Volunteer parent-to-parent mentors provide crucial emotional and technical support. The agency’s resource library is stocked with books, videos and audio tapes in multiple languages, from reference materials to children’s books that depict people with disabilities. The library is available to both families and professionals looking for more information. And Support for Families also hosts monthly workshops on topics including Individualized Education Plans, Social Security Disability Insurance, transitioning into the adult system, and assistive technology. These workshops are hosted in multiple languages for small groups, so everyone’s questions can be answered. Much larger periodic workshops open to both families and professionals such as case managers and social workers are held on topics such as emergency preparedness.

And then there’s fun. Every quarter the agency hosts a special event so families can just get together and enjoy themselves. “We have a winter ice skating party where we take over the Yerba Buena Gardens ice skating rink,” said Boyle. “We had 400 people this past winter, with wheelchairs and walkers and parents who’d never skated all on the ice together.”

But perhaps the most crucial service Support for Families offers is the peer-to-peer mentoring program. Parents of children with disabilities and special health care needs volunteer to attend extensive training sessions and serve as mentors. Laurie Strawn, who first came to Support for Families seeking help for her daughter, has been a parent mentor for three years.

“I get calls from parents who want to talk to another parent one-on-one to get support, information, resources and a shoulder to cry on,” said Strawn. “Support for Families matches us up with parents whom they think would really be appropriate for us to talk to. It gives me a chance to give back some of the feeling of connection and support which I’ve been given through this agency. And it’s an honor to have someone who is going through the biggest adventure of their life be so forthcoming and open about their experience with me. It’s a human connection that is so important, and I’m so pleased to be able to help them feel like they’re not alone.”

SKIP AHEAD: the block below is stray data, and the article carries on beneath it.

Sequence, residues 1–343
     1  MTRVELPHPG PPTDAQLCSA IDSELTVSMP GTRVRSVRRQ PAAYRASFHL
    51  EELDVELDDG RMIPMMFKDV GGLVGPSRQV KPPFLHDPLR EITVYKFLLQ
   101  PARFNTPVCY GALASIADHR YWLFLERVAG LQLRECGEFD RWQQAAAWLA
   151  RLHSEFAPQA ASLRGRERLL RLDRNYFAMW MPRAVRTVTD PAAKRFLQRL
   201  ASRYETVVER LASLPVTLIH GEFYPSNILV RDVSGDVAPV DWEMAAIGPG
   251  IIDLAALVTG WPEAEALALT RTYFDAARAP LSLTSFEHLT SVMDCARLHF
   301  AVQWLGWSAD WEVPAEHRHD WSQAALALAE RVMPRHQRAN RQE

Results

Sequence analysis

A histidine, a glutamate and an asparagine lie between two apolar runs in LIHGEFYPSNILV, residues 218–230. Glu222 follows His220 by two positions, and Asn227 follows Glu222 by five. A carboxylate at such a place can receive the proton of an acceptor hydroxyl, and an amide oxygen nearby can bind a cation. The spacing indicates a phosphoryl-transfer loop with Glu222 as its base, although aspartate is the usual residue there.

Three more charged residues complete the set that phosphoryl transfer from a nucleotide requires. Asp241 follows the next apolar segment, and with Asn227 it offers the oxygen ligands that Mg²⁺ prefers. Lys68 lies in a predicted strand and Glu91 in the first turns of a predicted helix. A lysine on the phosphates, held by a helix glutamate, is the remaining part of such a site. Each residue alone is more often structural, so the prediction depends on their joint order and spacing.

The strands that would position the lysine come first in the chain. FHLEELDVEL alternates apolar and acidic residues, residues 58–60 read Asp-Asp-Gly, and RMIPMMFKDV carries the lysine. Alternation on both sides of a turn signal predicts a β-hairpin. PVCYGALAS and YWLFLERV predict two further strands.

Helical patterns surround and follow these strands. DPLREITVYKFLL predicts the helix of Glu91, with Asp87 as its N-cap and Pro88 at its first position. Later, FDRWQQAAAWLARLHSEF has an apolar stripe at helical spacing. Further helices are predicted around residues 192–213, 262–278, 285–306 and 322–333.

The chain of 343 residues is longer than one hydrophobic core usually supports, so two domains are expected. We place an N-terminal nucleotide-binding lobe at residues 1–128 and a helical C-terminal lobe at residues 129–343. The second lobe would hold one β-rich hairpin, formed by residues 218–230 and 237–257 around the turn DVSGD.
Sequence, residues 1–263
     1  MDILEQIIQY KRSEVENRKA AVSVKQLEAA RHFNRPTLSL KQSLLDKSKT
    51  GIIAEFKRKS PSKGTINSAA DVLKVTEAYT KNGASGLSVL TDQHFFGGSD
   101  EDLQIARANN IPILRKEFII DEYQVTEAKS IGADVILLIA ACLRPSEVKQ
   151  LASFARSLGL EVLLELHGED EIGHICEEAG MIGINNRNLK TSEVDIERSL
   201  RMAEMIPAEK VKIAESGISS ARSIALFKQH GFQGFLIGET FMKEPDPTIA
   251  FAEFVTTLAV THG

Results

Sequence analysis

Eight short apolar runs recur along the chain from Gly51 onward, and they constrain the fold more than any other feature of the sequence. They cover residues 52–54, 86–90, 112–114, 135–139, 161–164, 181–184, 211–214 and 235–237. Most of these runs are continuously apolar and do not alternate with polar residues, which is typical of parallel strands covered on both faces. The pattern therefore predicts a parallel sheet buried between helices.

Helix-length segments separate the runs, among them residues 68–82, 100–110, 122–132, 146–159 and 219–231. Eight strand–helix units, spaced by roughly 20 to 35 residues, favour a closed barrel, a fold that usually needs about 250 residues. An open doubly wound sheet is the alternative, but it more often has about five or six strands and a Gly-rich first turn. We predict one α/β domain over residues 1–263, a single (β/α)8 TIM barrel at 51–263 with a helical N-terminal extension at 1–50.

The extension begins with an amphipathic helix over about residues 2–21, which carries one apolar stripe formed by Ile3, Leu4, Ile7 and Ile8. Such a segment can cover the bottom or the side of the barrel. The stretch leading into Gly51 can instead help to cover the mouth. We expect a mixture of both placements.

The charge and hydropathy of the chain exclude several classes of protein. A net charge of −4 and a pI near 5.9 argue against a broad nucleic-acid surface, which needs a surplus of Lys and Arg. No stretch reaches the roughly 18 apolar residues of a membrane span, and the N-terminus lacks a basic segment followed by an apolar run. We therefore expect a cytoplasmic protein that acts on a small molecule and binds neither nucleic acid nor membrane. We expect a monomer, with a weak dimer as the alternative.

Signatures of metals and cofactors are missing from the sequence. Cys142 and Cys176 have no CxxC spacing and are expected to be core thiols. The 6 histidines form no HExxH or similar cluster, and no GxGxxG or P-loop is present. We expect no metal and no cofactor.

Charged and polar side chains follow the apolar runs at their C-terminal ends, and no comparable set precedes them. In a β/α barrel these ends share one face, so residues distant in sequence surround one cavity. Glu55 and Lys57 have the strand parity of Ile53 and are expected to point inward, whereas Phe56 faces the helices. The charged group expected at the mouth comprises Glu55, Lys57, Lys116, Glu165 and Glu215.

Staff can provide crucial information for parents trying to navigate the world of services outside the agency. But Support for Families also offers an enormous array of in-house services as well. There is a huge list of support groups, including those that focus on a particular age range or disability, or others which are for families whose children are recently diagnosed, or who are transitioning to adulthood. “These parents are fabulous resources for one another as they learn to navigate the system,” said Boyle. “We represent a small percentage of the population, so creating opportunities for shared experiences is really important.”

Volunteer parent-to-parent mentors provide crucial emotional and technical support. The agency’s resource library is stocked with books, videos and audio tapes in multiple languages, from reference materials to children’s books that depict people with disabilities. The library is available to both families and professionals looking for more information. And Support for Families also hosts monthly workshops on topics including Individualized Education Plans, Social Security Disability Insurance, transitioning into the adult system, and assistive technology. These workshops are hosted in multiple languages for small groups, so everyone’s questions can be answered. Much larger periodic workshops open to both families and professionals such as case managers and social workers are held on topics such as emergency preparedness.